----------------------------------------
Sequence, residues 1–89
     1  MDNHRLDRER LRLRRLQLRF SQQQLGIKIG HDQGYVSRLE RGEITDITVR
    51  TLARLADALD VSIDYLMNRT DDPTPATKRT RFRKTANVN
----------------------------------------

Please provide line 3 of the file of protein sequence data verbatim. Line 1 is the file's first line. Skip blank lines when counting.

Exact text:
    51  TLARLADALD VSIDYLMNRT DDPTPATKRT RFRKTANVN